• New "College Smart-Start Guide" provides students with 13 actions that are important to getting off to a good start in college; recommendations are the result of a poll of 2,000 college educators.
• At the request of a number of On Course instructors, "Money Matters" has been moved to Chapter l, thus helping students early in the semester to reduce struggles caused by financial difficulties.
• New Journal Entry #2.
• New cartoon in "Understanding the Culture of Higher Education:'
• New "Tech Tips: Money:'
• New article, "Understanding the Expectations of College and University Educators:' including a discussion of Eight Key Expectations and A Dozen Differences between High School and College Culture.
• New article, "Understanding Yourself,' including a section on Ingredients of Success.
• Revised #7 of the Self-Assessment: "Whether I'm happy or not depends mostly on me:'
• Moved article "Develop Self-Acceptance" and Journal 4 to Chapter 8.
I think these a re very powerful stories .. .. It's good for students to hear that other students have faced the same struggles that they are going through and they have achieved success.
Kathryn Burk, Jackson College
On Course is life-changing for my students. I have seen students evolve in ways they never imagined in a matter of a semester thanks to On Course. I cannot imagine using another book. No other book encompasses the reflective, introspective, and success attributes that On Course does. On Course walks students through their journey of self-discovery and allows them to grow into the student they have always wanted to become.
Joselyn Gonzalez, El Centro College
Arr.tone who can teach students personal responsibility is high on my list
Debbie Unsold, Washington State
O n several occasions, I have had various members of the same family in different semesters of my [On Course) class because they value the learning so much that they recommend it to sisters/brothers/ children/uncles.
Sandra Lancaster, Grand Rapids Community College
I 1ove On Course, and I use it in my personal life as well as preaching it in all of my classes ... I have even used it with the classes that I teach in a women's shelter. The concept of moving from Victim to Creator puts the individual in charge of their life and I love that mindset
Pat Grissom, San Jacinto College
• New One Student's Story by Taryn Rossmiller, Boise State University, ID.
• New cartoon in "Making Wise Decisions" section.
• New "Tech Tips: Personal Responsibility:'
• New One Student's Story by Brandon Beavers, Highland Community CoUege, KS.
• New"Tech Tips: Self-Motivation:'
• New One Student's Story by Tina Steen, Chaffey College, CA.
• Added Weekly Calendar to "Creating a Leak-Proof Self-Management System:'
• Repositioned "Time and Culture" section, discussing how cultures differ in their beliefs and attitudes about time and what college culture's expec- tations are about time.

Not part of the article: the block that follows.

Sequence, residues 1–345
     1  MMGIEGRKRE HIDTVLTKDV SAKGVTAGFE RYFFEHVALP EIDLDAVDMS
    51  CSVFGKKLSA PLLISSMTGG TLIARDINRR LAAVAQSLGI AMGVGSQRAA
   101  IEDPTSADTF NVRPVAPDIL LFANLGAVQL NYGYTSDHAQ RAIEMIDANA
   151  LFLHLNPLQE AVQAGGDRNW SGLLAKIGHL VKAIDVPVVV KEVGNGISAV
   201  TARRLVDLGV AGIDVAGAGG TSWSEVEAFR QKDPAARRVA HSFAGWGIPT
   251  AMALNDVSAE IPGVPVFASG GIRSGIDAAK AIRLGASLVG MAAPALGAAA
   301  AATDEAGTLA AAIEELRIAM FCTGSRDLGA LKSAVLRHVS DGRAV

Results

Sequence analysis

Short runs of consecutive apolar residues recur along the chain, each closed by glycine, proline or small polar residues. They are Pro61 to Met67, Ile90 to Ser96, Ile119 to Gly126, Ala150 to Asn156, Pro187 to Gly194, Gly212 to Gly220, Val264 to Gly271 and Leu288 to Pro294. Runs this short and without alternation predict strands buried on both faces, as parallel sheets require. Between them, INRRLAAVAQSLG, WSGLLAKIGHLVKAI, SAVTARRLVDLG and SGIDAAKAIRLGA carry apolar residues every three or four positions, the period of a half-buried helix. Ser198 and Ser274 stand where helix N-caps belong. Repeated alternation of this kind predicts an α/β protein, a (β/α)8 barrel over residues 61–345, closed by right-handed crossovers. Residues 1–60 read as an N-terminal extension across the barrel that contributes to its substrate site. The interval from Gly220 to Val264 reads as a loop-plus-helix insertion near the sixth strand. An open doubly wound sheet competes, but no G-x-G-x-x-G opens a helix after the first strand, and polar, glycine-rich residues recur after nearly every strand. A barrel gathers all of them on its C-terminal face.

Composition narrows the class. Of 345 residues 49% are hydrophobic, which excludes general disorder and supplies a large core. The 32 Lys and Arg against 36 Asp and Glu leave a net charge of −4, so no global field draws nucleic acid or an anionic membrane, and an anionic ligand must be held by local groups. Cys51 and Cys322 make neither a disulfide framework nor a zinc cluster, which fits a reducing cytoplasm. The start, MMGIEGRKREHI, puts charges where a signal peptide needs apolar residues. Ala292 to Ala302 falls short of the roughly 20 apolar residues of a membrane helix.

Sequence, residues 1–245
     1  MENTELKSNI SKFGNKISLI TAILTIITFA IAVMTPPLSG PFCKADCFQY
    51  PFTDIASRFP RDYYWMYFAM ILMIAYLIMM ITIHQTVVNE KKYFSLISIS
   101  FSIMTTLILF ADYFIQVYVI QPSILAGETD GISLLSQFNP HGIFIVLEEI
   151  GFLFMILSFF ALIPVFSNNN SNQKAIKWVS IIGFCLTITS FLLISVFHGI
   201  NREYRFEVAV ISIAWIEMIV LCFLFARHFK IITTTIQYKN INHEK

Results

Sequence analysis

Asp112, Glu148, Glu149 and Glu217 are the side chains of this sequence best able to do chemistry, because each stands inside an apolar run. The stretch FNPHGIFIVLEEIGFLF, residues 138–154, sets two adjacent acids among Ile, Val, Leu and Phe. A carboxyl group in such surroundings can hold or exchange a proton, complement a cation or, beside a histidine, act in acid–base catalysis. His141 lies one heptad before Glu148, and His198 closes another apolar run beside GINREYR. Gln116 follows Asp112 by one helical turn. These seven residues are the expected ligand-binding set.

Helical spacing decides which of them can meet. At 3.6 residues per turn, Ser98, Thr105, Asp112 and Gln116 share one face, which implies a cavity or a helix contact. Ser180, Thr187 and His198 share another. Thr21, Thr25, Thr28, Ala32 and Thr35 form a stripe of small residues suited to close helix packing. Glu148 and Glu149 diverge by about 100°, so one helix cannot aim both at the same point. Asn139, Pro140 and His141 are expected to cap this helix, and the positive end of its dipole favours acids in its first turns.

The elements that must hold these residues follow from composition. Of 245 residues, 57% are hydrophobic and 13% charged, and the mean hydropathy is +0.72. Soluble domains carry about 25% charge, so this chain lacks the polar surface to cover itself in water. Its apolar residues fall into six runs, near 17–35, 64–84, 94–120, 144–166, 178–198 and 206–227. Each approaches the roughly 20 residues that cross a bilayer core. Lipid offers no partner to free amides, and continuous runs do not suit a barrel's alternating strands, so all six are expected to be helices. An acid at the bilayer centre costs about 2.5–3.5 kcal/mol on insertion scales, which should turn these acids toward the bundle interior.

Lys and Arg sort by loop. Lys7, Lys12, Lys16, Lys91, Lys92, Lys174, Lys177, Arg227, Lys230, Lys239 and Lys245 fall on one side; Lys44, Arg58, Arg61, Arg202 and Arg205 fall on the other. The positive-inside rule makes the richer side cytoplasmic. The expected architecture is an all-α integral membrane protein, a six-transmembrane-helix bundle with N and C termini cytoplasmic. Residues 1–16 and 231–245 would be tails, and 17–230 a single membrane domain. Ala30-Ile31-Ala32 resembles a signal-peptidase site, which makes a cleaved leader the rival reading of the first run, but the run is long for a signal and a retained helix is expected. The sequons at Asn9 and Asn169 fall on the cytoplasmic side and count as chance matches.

• New information on avoiding procrastination in the "Developing Self-Discipline" article.
• New"Tech Tips: Self-Management:'
• Added information to "Creating a Support System" on the importance of choosing wisely among various kinds of relationships: dependent, co-dependent, independent, and interdependent.
• Added parable, "The Difference between Heaven and HeU;' in the "Creat- ing a Support System" article.
• New One Student's Story by Mitch MulJ, Asheville-Buncombe Technical and Community College, NC.
• New One Student's Story by Teroa Paselio, Windward Community College, HI.
• New "Tech Tips: Interdependence:'
• New"Tech Tips: Self-Awareness:'
• New "Tech Tips: Lifelong Learning."
• New article, "Increasing Happiness," presents research from scientific studies within the new field of positive psychology, including both the limits on increasing happiness as well as ways to become more happy.
• New Journal Entry 30 regarding "Increasing Happiness."
• New "Tech Tips: Emotional Awareness~
• Moved article, "Develop Self-Acceptance; and Journal Entry 4 (now Journal Entry 31) here from Chapter 1.
• Revised #7 of the Self-Assessment: "Whether I'm happy or not depends ti .. 1nos yon me.
Study Skills: A Toolbox for Active Learners
• Repositioned study skills materials into one comprehensive section, offer- ing many strategies for Becoming an Active Learner, Reading, Taking Notes, Organizing Study Materials, Rehearsing and Memorizing Study Materials, Taking Tests, and Writing.
• New Self-Assessment of Study Skills, which students can take both before and after they explore the many strategies presented in the Toolbox for Active Learners. When the self-assessment is taken as a pre-test, students learn their strengths and weaknesses when it comes to learning. When the self-assessment is taken as a post-test, students learn which areas they have strengthened and which areas still need improvement.
• New One Student's Story by Michael Chapasko, Blinn College, TX.
• New One Student's Story by Ashley E. Bennet, Heartland Community College, IL.
Proven Features of On Course The Eighth Edition includes all of the best features of On Course, updated and revised fro1n the previous edition.
• Self-Assessment. On Course begins and ends with a self-assessment questionnaire of important non-cognitive skills ("soft skills"). Scores are provided for self-responsibility, self-motivation, self-management, inter- dependence, self-awareness, lifelong learning, emotional intelligence, and belief in oneself. Imagine working with students '"'ho develop strengths in all of these inner qualities! Imagine how these qualities will affect the choices the students make and the outcomes and experiences they cre- ate. By completing the initial questionnaire, students immediately see areas of weakness that need attention. By completing the concluding